“What I got was intriguing; I went to Ms. Amrita, who introduced me to a new and amazing idea: regression. If you try fitting the points, the overall trend is envisaged better.”

Mahima was startled. The overall trend of the increasing scores, with their dependency on the number of books read was quite succinct. She also understood that the number of individuals sampled was ten itself, with the more enthusiastic readers getting brighter with time. Nidhi continued, “While this cannot be called a regression proper since the sample wasn’t representative, it explained the overall idea to a large extent, especially to an unacquainted individual”.

“A regression maps a causal relationship between variables. In this case, the ..” and Mahima’s conclusion followed as it is. “This was in fact an example of a linear regression, in which a dependent variable is influenced by an independent one; in this case, the two follow a linear relationship, wherein the increase in the number of books read transcends to an increase in the scores obtained.”

“With Ms. Amrita’s exhortation, I persisted in pursuing the field during my time at school. During my undergrad stats’ studies, I was able to build upon it holistically, which imparted me with truly powerful knowledge.”

“I ended up becoming an analyst as I had said; it’s a job profile where regression continues to come in handy. For instance, companies optimize their budget among the various media they utilize in order to advertise a particular product. I assisted my team with such a problem for our TV and social media channels to arrive at a solution which ensured optimal spending for customer acquisition.”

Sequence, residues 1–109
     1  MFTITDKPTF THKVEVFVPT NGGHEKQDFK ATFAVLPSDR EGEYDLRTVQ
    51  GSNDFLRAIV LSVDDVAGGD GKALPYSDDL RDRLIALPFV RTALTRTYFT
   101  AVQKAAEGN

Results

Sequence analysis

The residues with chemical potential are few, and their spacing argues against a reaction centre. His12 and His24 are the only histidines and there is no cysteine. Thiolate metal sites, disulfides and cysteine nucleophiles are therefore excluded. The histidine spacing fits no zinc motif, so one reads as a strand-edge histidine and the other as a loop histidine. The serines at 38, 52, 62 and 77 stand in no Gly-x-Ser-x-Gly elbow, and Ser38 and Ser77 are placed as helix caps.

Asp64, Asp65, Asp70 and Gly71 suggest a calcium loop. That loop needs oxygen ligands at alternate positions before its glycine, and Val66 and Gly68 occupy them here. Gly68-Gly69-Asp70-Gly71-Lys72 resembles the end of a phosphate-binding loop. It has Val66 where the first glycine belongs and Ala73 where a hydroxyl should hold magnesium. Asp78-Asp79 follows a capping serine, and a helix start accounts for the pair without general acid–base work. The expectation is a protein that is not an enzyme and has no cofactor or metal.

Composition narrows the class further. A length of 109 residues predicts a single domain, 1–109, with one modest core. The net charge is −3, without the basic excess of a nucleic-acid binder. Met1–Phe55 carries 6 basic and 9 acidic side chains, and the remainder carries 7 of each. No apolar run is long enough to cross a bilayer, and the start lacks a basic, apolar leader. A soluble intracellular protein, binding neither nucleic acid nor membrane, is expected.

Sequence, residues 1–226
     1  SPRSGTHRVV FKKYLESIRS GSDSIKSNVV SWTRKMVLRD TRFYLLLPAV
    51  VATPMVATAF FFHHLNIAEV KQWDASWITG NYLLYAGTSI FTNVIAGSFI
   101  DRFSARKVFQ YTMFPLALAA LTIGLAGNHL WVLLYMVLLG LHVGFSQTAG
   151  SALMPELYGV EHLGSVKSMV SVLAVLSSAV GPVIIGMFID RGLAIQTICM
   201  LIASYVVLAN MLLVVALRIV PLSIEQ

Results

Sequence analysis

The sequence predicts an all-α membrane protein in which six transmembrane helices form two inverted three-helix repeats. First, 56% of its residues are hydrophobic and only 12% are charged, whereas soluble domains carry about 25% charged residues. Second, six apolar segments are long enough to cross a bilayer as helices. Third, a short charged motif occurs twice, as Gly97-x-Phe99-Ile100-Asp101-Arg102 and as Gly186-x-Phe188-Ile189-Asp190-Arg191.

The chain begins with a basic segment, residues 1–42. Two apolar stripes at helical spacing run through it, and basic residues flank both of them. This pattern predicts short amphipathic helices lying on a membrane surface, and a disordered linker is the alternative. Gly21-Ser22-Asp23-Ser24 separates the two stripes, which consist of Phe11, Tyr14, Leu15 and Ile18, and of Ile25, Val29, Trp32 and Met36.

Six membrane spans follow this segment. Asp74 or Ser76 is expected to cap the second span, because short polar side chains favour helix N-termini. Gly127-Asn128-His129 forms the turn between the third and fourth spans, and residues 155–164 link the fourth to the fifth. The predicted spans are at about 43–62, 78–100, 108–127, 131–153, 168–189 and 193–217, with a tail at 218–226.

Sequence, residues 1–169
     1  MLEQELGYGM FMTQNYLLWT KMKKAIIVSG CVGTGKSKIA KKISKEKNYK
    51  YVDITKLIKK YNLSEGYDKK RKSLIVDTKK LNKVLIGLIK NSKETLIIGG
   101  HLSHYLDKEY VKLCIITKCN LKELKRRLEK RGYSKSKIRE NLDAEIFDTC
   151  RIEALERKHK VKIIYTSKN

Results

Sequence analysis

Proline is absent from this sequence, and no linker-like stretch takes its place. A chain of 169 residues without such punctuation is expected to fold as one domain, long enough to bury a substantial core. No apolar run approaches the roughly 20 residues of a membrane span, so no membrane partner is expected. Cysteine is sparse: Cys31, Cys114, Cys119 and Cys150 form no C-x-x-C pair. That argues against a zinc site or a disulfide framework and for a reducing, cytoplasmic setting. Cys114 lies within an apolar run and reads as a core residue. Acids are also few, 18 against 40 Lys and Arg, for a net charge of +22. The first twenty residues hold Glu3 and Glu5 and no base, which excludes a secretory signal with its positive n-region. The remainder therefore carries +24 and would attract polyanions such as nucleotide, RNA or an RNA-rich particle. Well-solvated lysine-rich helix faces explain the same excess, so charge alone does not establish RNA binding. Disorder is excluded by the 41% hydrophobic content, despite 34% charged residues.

“The general idea being, we had to arrive at an optimum sum of the two variables, with one influencing acquisition significantly more than other. The main thing to note is the amount of variation of y with x, in absolute terms. We rely on computers to plot these since using graph papers isn’t feasible now”, and the gathering broke into laughter.

“Regression analysis forms an inseparable part of a wide array of other disciplines. It enables decision-making and finds its application in various domains like machine learning. In fact, I believe, not learning regression may make you regressive!” Mahima couldn’t resist herself when Nidhi concluded. She ran after her when she began leaving the auditorium.

“Ma’am, back when you were here, how did you face the rabid regressives?”, she squealed while huffing between deep breaths. “What do you mean dear?”, Nidhi inquired. There followed a hasty, drawn out explanation.

“Being an outlier is exceptional! Make the most of it!” Nidhi’s quip kept resounding in Mahima’s head. She began understanding that despite bucking the trend, she could continue to remain a part of the population. On Nidhi’s advice, she even began referring to online resources to pursue her newfound passion.

Nidhi told her “Make transformations, logarithmic and exponential.”

Just like you, she wondered what the latter meant.

Ayush Pareek

I am a programmer, who loves all things code. I have been writing about data science and other allied disciplines like machine learning and artificial intelligence ever since June 2021. You can check out my articles at pickl.ai/blog/author/ayushpareek/

I have been doing my undergrad in engineering at Jadavpur University since 2019. When not debugging issues, I can be found reading articles online that concern history, languages, and economics, among other topics. I can be reached on LinkedIn and via my email.